- Immigration. The "right wing" position would be isolationism. The "left wing" position would be unfettered open borders. The "center" should be responsible, controlled, legal immigration so that we bring in people on (a) a sustainable level and (b) fill in spots in the economy where we need workers. Unfortunately, the left-wing open borders crowd insists that the responsible center are actually a bunch of "right-wing haters" when we say that hey, maybe we should know who's coming in to the country.

- Social services. The "right wing" position would be to do away with them altogether. The "left wing" position would be to stick everyone on them. In the center, we would try to provide the ones that are really needed, while getting rid of (or tightening down on) those that are either (a) being abused, (b) counterproductive, or (c) just plain unnecessary. Yet the moment you even try to have this debate, the left wing types call you a "hater."

I'm a proud member of the center. Where do you fall, honestly?

Funny story (1)

cptnapalm (120276) | more than 5 years ago | (#26799951)

Years and years ago, I was in a bar, sloshed. Absolutely mind boggling drunk. I was so thoroughly intoxicated that I was seeing double. An easy solution to this was to slap one hand over one eye and thus eliminate the duality. And there was this girl. This really hot, blond dreadlocked, sleeve tattoo girl. So I gave money to the bartender to get whatever she wanted and I lurch back to my table.

The girl and her friend sit at the neighboring table and she turns to me and says, "You're going to buy me a drink and not talk to me?" I give my present state of blitzness as an impediment to conversation, but she won't hear of it. For an hour or so, we chat and she laughs and she touches and all is great. But at some point, my party affiliation becomes a topic of conversation.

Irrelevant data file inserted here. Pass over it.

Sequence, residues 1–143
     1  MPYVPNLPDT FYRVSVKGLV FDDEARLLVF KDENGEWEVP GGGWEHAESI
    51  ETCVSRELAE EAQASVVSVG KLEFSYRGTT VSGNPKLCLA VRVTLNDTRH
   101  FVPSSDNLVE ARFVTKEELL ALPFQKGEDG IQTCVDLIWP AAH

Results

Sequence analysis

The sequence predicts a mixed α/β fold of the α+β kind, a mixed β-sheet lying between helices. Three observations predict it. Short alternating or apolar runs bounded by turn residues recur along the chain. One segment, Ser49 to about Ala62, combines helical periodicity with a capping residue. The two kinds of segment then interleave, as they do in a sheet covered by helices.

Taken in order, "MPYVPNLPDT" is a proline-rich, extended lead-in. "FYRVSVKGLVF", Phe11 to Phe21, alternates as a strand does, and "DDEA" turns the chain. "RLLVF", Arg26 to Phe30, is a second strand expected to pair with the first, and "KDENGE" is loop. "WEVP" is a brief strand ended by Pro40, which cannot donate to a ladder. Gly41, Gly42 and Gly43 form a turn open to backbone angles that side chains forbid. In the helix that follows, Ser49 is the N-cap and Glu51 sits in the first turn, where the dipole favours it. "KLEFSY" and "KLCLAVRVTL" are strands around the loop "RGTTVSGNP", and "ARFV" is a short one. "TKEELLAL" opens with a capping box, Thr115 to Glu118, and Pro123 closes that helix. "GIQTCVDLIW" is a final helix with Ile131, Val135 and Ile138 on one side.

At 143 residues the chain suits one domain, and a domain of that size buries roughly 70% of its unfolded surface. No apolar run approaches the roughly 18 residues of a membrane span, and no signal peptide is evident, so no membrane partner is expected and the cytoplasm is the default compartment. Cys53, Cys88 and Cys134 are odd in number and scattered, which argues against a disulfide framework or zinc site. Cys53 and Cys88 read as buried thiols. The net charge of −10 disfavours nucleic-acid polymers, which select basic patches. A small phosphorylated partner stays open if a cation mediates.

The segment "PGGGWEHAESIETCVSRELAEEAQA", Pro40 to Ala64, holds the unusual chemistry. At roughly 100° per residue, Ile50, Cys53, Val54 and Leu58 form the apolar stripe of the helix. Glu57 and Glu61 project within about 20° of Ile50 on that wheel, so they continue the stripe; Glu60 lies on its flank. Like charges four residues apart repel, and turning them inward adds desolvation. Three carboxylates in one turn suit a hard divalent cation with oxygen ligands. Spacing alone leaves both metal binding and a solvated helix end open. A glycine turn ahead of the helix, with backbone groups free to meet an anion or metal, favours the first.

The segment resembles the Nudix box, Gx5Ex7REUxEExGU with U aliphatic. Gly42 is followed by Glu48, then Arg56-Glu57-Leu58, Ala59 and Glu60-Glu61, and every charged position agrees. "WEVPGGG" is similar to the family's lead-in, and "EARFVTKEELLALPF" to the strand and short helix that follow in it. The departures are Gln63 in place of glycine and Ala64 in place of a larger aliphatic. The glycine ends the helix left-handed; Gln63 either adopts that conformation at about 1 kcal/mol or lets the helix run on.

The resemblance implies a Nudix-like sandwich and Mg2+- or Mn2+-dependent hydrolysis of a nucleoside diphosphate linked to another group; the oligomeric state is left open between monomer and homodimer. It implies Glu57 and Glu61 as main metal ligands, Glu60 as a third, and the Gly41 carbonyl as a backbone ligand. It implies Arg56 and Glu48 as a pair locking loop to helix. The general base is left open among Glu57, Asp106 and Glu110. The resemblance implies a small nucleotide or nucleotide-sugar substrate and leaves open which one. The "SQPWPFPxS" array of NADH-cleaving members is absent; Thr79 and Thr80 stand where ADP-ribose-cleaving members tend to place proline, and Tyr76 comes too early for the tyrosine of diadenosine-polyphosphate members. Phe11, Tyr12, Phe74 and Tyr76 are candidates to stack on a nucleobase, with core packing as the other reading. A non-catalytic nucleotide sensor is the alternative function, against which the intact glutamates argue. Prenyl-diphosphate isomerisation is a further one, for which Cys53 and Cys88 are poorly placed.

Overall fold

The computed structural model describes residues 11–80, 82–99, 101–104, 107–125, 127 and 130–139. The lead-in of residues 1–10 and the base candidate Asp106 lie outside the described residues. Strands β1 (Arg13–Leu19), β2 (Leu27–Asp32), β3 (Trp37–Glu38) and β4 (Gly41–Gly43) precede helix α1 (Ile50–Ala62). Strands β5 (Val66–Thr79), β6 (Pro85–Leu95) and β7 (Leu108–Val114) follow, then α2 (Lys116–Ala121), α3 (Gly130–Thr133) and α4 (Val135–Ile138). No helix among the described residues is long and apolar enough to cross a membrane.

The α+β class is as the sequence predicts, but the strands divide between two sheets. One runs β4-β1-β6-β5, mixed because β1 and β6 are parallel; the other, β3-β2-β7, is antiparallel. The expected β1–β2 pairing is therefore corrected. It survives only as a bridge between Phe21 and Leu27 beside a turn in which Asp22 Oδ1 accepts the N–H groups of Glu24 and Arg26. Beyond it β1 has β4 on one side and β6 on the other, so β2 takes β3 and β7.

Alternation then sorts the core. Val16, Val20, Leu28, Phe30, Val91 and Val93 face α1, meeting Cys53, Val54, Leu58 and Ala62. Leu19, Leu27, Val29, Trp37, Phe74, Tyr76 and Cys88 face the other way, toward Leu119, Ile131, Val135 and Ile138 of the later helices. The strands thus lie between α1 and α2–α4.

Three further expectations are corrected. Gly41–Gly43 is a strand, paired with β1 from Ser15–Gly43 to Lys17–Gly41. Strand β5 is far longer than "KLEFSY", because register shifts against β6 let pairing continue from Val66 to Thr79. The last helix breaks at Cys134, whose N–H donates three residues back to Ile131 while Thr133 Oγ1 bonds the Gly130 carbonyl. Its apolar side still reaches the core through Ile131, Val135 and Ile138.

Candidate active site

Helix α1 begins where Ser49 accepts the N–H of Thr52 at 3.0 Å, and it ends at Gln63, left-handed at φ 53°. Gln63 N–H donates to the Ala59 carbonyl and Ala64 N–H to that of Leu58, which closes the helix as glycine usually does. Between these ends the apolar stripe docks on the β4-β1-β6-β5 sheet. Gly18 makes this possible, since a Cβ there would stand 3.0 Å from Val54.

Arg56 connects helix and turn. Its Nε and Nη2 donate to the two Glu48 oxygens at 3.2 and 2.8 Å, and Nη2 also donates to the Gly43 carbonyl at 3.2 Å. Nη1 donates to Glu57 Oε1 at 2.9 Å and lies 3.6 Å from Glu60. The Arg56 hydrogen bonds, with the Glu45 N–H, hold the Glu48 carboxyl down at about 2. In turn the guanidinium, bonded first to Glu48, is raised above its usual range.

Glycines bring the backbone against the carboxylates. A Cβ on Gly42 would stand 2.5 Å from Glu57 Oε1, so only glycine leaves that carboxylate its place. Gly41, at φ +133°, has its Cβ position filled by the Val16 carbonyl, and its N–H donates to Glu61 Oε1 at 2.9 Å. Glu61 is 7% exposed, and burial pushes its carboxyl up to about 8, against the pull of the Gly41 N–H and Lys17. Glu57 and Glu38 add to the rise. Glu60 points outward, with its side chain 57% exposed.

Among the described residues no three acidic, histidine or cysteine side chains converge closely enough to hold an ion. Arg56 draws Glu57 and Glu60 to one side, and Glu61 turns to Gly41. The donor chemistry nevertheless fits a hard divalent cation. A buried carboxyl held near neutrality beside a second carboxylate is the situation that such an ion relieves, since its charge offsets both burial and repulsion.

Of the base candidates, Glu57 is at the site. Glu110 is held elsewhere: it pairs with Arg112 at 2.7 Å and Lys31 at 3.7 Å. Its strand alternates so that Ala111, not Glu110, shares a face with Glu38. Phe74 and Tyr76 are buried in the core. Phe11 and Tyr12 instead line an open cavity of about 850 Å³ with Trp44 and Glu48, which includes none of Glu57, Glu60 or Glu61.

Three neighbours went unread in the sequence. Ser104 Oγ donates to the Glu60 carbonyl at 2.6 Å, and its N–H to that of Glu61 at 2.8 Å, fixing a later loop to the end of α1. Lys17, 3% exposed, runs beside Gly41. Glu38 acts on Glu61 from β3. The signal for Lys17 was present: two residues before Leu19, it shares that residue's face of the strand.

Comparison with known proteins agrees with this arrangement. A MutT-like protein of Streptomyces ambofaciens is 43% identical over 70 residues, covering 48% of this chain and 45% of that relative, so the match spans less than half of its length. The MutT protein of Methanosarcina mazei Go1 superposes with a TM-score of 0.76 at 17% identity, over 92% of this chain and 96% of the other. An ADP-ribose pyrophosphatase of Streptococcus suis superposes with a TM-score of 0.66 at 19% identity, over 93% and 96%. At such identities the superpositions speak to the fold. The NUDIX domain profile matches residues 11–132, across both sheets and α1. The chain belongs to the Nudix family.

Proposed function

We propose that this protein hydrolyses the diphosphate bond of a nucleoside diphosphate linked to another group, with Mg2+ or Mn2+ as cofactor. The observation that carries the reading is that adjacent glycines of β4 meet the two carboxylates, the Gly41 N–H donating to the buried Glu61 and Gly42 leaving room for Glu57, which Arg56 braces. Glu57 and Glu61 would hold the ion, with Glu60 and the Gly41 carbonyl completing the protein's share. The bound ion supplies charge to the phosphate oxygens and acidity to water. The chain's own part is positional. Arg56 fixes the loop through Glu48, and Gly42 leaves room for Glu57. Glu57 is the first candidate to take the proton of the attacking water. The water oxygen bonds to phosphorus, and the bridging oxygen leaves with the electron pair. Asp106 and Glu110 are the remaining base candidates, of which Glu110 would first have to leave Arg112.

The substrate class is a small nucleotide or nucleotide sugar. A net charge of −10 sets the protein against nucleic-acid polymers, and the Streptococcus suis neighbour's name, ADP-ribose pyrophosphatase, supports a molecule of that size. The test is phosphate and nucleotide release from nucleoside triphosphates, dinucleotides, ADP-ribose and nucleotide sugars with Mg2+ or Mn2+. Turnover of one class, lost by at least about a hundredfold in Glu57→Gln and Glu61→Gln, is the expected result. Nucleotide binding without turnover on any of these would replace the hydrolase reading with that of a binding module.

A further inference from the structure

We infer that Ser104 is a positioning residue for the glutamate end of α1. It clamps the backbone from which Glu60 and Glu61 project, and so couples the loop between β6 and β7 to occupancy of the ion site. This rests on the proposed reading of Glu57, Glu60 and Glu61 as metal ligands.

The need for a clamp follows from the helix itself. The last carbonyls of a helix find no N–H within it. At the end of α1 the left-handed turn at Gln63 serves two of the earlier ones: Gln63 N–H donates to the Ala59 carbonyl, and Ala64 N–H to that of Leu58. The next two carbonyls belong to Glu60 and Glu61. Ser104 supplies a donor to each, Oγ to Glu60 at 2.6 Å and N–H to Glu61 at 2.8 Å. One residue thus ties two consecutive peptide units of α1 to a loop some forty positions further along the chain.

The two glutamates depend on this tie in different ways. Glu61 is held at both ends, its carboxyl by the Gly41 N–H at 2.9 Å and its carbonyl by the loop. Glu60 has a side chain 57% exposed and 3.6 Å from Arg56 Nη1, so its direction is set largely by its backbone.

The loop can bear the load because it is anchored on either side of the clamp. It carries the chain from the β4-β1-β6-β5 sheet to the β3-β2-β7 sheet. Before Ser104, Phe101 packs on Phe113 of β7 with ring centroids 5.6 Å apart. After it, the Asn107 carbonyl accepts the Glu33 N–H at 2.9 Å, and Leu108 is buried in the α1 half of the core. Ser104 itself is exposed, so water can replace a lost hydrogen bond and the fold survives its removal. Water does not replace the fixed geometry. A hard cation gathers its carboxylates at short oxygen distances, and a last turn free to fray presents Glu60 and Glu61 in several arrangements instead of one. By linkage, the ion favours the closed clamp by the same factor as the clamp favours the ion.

"You're a Republican?" she asks.

"Yep."

She gets up and leaves the table. She would never speak to me nor even make eye contact ever again.

Ah, open mindedness.

Re:I used to read the WSJ (3, Insightful)

BunnyClaws (753889) | more than 5 years ago | (#26799499)

In other words, the liberal or conservative stance in American politics is a false dichotomy.

Re:I used to read the WSJ (1)

TheRealMindChild (743925) | more than 5 years ago | (#26799645)

Riddle me this... WHY WOULD YOU WANT to be "conservative"? Why would you be resistant to change? Why would you choose not to be open-minded to the fact that your way may not be the best? I truly don't understand... unless of course you are using "Conservative" as a synonym to "I like things the way they are" and "Liberals" as a synonym for "We want to stir EVERYTHING up... even if it doesn't make sense". Then, of course, this is akin to a PHB throwing out buzzwords.

Re:I used to read the WSJ (1)

halivar (535827) | more than 5 years ago | (#26799891)

"Conservative" != "I like things the way they are"

Conservatives (not neo-con's) say "Let's look at what has worked before, and try that." Note that I am not claiming that such philosophy is always correct. But I do think folks should understand philosophies before they disagree with them.

Why would you choose not to be open-minded to the fact that your way may not be the best?

Are you saying that liberals do not necessarily believe that their way may be best? Because I don't think that's the case. The current congress, for instance, is quite strident in their belief that the bailout is a great idea, and will not countenance the possibility that they are doing great irreparable harm, as has been suggested by many economists. They also do so despite the fact that a majority of Americans are against it.